Trump's response to China unnerved investors, who worry that the trade war between the world's two largest economies will further drag down global growth. Stocks fell sharply on Friday, with the S&P 500 closing down 2.6%. The Dow Jones industrial average was down 2.4% and the technology-heavy Nasdaq index fell 3%.

Trump also said he was directing the U.S. Postal Service and American companies like FedEx, Amazon and UPS to search packages from China for the opioid fentanyl and refuse delivery.

Liu Yuejin, deputy head of China's National Narcotics Control Commission, rebutted accusations from the U.S. that China is not doing enough to curb the flow of fentanyl, a highly addictive opioid painkiller, beyond its borders. Some American politicians "are upending the facts for their own political necessities," Liu said Friday in Beijing.

The White House does not have the authority to unilaterally "order" companies to stop doing business with China, and Trump's demand came under sharp and immediate criticism from the U.S. business community, which warned that halting sales with such a large trading partner would hurt American companies and the broader economy.

"U.S. companies have been ambassadors for positive changes to the Chinese economy that continue to benefit both our people," said Myron Brilliant, the head of international affairs at the U.S. Chamber of Commerce. "While we share the president's frustration, we believe that continued constructive engagement is the right way forward."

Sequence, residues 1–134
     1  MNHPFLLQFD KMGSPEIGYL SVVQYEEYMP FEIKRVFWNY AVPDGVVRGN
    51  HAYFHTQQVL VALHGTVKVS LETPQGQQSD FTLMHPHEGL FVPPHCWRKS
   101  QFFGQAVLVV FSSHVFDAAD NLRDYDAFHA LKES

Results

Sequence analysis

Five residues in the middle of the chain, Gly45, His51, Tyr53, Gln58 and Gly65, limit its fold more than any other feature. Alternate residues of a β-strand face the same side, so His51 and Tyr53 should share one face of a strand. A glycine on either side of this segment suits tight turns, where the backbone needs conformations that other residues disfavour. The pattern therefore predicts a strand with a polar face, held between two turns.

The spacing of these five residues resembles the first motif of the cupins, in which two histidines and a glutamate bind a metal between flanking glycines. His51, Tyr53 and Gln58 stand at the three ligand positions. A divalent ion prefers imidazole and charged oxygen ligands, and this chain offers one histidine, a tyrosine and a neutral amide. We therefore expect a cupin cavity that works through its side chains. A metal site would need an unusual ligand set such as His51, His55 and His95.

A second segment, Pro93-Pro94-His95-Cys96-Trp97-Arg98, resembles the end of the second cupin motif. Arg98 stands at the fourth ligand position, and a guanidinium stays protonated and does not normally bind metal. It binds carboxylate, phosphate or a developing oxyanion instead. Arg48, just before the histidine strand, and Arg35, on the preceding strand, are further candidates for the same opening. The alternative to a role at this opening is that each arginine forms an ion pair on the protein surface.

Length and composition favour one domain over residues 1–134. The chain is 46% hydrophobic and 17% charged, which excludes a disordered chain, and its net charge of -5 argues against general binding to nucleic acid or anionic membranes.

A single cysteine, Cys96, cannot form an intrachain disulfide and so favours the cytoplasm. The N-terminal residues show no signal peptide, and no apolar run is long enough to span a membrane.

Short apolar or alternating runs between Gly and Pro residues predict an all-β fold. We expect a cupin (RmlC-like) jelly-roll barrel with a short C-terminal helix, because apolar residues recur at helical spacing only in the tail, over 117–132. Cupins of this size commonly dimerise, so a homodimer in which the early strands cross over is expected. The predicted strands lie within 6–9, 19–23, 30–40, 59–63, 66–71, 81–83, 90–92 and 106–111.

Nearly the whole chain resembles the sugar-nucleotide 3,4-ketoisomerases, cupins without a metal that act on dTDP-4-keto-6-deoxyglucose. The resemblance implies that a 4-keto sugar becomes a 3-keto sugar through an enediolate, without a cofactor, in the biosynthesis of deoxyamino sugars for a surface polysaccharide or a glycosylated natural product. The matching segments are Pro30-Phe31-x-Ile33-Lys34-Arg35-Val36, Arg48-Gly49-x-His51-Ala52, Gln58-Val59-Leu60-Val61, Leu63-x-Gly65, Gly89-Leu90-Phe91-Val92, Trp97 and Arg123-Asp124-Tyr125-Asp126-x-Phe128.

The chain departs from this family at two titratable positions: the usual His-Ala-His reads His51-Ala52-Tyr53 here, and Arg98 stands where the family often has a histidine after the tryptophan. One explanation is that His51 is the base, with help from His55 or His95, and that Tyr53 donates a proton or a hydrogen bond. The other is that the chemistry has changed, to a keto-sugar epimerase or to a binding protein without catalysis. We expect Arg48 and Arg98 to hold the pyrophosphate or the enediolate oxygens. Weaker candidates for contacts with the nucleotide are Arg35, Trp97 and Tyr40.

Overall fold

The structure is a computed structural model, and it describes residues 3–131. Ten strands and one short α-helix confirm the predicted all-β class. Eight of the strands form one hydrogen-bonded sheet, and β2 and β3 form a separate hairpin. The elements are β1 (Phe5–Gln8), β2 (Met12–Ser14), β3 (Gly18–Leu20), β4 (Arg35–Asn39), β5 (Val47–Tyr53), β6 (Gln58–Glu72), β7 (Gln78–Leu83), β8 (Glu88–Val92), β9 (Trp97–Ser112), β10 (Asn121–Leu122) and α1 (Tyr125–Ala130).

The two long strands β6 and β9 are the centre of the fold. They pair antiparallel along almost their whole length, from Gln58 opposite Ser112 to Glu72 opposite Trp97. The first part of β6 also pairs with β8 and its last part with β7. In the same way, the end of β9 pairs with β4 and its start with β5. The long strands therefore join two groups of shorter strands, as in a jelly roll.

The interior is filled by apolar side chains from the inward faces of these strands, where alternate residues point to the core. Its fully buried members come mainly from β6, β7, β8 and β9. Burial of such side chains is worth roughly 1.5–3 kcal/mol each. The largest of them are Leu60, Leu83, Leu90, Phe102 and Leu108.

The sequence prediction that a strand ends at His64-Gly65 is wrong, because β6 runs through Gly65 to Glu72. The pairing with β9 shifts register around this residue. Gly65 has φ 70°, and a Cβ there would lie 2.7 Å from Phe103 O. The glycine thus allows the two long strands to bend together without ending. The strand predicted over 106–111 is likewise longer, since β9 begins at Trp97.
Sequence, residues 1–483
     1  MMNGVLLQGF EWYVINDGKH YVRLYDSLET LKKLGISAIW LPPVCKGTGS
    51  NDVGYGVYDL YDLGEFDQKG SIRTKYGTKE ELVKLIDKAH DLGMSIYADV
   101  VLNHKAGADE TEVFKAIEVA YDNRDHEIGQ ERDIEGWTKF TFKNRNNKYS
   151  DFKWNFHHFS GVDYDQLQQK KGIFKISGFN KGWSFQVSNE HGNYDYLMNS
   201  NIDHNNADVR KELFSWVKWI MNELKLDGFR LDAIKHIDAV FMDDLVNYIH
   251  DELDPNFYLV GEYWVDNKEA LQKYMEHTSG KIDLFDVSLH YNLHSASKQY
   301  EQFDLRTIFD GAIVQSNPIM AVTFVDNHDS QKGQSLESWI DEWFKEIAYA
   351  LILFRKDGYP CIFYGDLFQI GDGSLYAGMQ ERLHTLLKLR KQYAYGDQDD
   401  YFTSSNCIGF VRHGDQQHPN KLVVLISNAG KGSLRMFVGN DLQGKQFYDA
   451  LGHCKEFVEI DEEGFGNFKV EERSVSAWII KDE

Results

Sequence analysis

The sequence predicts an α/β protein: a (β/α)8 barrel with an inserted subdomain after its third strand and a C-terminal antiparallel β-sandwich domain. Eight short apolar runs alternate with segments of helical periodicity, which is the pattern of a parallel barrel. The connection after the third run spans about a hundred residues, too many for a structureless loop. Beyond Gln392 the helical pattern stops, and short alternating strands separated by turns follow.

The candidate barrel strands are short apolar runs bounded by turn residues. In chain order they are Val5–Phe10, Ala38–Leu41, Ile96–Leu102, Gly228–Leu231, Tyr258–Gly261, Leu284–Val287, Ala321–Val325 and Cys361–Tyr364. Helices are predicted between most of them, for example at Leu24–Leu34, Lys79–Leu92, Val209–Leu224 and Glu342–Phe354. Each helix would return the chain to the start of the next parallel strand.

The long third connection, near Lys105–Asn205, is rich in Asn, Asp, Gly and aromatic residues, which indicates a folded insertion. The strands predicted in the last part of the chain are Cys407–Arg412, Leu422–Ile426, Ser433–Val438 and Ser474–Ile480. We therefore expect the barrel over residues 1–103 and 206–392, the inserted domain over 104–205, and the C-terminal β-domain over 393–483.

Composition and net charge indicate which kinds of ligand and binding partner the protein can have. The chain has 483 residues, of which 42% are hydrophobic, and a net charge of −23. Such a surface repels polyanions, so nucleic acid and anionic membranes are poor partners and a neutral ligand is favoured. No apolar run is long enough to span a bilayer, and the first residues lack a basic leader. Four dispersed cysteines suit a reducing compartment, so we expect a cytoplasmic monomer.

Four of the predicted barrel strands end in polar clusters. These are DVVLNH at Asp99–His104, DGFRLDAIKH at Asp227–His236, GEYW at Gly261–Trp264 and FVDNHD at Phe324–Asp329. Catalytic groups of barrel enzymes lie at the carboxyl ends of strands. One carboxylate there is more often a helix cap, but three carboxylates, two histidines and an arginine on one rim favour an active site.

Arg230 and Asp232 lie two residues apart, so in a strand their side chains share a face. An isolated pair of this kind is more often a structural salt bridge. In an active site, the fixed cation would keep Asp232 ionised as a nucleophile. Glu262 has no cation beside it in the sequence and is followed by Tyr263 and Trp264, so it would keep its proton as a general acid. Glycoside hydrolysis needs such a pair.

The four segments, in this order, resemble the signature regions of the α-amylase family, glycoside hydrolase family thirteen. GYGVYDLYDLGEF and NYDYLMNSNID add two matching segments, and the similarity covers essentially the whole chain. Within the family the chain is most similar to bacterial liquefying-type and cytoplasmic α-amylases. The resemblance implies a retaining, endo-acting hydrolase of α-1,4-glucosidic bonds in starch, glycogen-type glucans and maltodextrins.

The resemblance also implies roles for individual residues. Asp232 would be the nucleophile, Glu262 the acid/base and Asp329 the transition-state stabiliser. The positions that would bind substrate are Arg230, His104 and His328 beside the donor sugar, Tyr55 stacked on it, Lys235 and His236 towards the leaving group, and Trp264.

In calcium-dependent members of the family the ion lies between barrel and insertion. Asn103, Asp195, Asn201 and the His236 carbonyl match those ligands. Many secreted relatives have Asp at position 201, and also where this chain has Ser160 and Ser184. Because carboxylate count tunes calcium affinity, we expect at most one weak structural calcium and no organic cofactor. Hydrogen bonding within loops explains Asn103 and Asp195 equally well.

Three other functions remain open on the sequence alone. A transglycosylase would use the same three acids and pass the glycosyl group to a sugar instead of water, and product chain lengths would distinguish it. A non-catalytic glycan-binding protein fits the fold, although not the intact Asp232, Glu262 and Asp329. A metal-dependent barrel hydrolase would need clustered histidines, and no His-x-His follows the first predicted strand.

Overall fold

Retailers, which are bracing for pain from Trump's next round of tariffs, said the president's demands would hurt, not help, American businesses and the economy.

"It is unrealistic for American retailers to move out of the world's second-largest economy, as 95% of the world's consumers live outside our borders," said David French, the senior vice president for government affairs at the National Retail Federation. "It's impossible for businesses to plan for the future in this type of environment."

And farmers, who have borne the brunt of China's retaliation, said Trump's tactics were only making things worse.

"Every time Trump escalates his trade war, China calls his bluff -- and why would we expect any differently this time around?" said Roger Johnson, president of the National Farmers Union. "It's no surprise that farmers are again the target."

On Friday afternoon, the president hastily assembled his top trade advisers at the White House -- including Treasury Secretary Steven Mnuchin, who joined by telephone -- to settle on a response. The president was not aware that China's retaliation was coming and was angry about being blindsided, according to people familiar with the matter.